The Pittsburgh Steelers have, by and large, been on an upward swing over the course of the past two and a half seasons after they missed the playoffs for two straight seasons, and failed to win a postseason game in four straight years.
Last season saw them gain that elusive playoff victory, though they came up short with about three minutes left in the Divisional round a week later. Their offense took off, and their defense improved, showing playmaking ability and opportunism.
But there are still a lot of unanswered questions facing the team as we crack into free agency territory. As an exercise, we like to take a stab at some of those questions, presenting arguments for the pros and cons of each side of the coin. This is the pessimist’s take on the following question.
Question: How much does the signing of tight end Ladarius Green improve the offense?
The signing of tight end Ladarius Green to a four-year, $20-million contract during the first day of free agency was a rare ‘splash’ for a Steelers organization who very rarely uses free agency to build its roster, but they deemed it a suitable time to utilize that tool now in order to help fill in the void left in the wake of the retirement of Heath Miller.
Anybody who is expecting Green to be Miller’s replacement, of course, would be fooling themselves, but it’s doubtful that many are under such a misapprehension. Even Green said himself that he couldn’t replace Miller. They’re really not the same sort of player.
And that could be an issue, or at least a change. Green isn’t much of a blocker. When analysts describe a significant tight end as a ‘solid’ blocker, that’s typically a euphemism for a player who is basically average at best, and that is what we saw out of him last season.
So in terms of impacting the offense, he’s not going to have much of an impact as a blocker, unless he is able to improve under the Steelers’ tutelage, which they will not doubt at least attempt to do. He could be in for a bit of an awakening in the backs on backers drill during training camp.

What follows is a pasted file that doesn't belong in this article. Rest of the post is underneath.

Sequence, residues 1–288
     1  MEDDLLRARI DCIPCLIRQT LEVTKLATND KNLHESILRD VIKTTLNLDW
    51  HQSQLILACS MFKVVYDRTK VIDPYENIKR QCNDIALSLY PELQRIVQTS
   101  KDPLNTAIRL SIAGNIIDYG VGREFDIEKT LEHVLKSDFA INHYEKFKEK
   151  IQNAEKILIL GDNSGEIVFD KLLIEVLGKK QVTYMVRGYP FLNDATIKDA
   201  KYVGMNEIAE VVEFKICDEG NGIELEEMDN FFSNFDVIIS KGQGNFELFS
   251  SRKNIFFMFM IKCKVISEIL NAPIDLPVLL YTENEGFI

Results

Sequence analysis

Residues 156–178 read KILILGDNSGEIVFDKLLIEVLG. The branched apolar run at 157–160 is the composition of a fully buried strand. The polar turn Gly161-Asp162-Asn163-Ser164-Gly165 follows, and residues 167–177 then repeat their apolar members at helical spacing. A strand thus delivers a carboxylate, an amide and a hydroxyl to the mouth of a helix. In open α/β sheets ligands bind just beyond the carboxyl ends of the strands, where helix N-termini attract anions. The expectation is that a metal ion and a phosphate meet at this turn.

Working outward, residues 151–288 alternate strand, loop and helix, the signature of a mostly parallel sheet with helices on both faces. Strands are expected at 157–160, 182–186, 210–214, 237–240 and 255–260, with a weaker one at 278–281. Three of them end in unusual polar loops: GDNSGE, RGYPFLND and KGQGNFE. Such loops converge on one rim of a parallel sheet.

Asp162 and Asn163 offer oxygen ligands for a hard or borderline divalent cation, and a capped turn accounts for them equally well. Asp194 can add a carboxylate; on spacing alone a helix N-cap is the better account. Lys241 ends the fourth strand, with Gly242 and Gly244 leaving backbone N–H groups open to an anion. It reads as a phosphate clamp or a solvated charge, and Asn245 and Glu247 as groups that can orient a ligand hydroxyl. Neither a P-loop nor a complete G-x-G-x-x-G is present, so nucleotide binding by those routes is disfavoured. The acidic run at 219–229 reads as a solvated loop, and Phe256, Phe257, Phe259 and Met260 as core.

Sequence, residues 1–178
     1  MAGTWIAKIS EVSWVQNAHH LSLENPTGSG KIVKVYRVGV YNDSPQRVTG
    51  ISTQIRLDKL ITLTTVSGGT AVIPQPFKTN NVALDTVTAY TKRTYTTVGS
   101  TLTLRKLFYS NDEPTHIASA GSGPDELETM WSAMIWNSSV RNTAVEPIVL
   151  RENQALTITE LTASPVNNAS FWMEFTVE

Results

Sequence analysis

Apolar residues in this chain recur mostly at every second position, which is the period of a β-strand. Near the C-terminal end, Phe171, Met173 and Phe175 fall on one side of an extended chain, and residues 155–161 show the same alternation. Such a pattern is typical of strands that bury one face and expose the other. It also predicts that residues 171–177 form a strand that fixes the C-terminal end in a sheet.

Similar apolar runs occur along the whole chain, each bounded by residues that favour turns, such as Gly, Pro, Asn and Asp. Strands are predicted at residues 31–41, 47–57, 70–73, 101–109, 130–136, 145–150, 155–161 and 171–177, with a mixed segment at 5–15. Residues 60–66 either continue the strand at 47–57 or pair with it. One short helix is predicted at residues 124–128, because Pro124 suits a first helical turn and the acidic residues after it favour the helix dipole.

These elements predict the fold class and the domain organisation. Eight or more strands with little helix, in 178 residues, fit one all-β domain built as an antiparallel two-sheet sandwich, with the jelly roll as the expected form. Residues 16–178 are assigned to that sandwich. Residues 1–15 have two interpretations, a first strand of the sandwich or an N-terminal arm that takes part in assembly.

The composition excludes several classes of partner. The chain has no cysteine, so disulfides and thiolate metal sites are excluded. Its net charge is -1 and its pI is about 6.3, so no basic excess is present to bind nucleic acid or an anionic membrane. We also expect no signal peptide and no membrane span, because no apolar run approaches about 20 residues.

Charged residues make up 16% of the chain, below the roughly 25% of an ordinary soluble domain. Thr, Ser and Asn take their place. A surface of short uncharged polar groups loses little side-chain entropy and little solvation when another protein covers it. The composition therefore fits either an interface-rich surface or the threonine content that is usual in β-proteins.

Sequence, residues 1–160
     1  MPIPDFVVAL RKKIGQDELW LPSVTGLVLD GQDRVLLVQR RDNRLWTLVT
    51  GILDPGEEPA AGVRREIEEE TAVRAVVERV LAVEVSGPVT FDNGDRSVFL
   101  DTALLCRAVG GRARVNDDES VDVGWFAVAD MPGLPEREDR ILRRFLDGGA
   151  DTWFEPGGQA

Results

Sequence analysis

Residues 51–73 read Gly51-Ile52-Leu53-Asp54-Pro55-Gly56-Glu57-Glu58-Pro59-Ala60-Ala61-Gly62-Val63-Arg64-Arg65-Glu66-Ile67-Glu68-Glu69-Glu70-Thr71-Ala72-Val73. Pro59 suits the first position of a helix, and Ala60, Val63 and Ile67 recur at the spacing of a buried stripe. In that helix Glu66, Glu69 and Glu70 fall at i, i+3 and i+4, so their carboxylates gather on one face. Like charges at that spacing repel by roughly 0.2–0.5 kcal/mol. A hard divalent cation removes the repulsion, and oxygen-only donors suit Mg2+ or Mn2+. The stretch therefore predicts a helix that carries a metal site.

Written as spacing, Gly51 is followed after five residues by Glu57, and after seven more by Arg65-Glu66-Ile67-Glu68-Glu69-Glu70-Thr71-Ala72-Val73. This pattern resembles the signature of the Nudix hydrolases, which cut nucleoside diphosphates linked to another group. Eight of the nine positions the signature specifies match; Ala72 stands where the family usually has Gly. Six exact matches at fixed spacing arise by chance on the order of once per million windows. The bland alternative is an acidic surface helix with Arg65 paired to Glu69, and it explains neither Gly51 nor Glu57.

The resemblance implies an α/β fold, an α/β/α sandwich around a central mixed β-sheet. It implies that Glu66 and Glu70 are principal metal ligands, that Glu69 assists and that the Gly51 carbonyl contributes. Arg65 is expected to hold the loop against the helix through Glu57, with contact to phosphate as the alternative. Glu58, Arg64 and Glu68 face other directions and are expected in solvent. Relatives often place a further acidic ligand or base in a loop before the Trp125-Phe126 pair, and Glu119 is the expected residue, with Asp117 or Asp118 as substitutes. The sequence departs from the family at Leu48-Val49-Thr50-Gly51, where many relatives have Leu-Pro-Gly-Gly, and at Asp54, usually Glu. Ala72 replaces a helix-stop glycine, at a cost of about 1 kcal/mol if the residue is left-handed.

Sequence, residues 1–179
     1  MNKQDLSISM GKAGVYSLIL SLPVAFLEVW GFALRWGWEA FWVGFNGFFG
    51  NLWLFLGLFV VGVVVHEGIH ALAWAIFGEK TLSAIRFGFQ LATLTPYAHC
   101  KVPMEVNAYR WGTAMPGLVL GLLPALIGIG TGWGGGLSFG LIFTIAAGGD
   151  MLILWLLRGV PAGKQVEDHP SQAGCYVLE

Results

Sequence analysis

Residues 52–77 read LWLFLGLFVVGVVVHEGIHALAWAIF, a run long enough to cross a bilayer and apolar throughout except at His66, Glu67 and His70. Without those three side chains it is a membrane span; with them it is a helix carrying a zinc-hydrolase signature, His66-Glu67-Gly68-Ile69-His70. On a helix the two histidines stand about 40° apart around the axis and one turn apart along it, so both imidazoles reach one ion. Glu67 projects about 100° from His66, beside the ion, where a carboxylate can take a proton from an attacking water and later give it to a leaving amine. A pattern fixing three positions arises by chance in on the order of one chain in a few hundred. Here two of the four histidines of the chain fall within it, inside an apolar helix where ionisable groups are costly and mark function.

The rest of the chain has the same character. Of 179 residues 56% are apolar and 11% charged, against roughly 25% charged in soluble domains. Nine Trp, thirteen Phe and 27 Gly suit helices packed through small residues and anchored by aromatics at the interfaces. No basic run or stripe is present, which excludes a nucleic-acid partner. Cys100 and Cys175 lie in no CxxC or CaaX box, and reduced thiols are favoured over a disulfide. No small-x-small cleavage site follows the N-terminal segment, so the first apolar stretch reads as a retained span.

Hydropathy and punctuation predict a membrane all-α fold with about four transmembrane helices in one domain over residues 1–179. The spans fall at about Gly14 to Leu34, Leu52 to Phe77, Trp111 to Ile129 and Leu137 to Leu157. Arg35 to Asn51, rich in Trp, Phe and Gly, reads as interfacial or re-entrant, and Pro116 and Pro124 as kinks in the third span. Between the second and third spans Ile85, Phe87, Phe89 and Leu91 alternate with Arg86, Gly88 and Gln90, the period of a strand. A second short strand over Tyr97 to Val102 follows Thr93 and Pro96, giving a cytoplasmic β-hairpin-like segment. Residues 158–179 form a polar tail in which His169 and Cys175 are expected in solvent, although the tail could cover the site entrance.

He will no doubt make his catches—his yards per routes run is among the better numbers among tight ends in recent years—but that will come at the expense of other aspects of the game for the Steelers, who already have a number of weapons to go around.
My biggest concern would be his ability to take on a greater workload, considering that he has spent his career behind Antonio Gates. Even last season, he played under 600 snaps. If the Steelers are anticipating that he will be an every down player, then that will be a significant step for him to take.
That is including the health factor, which is a concern. Green already has a concussion history, and he also suffered an ankle injury last year that hurt his production and from which he is still recovering from this offseason.
What sort of impact will Green have on the offense? I think that he will expand the Steelers’ boom-or-bust potential on offense. He has the capability of being explosive as a pass catcher, but he can also be a liability as a blocker, particularly in pass protection. The fact that he will probably not be the workhorse that Miller was is also to be taken into consideration here.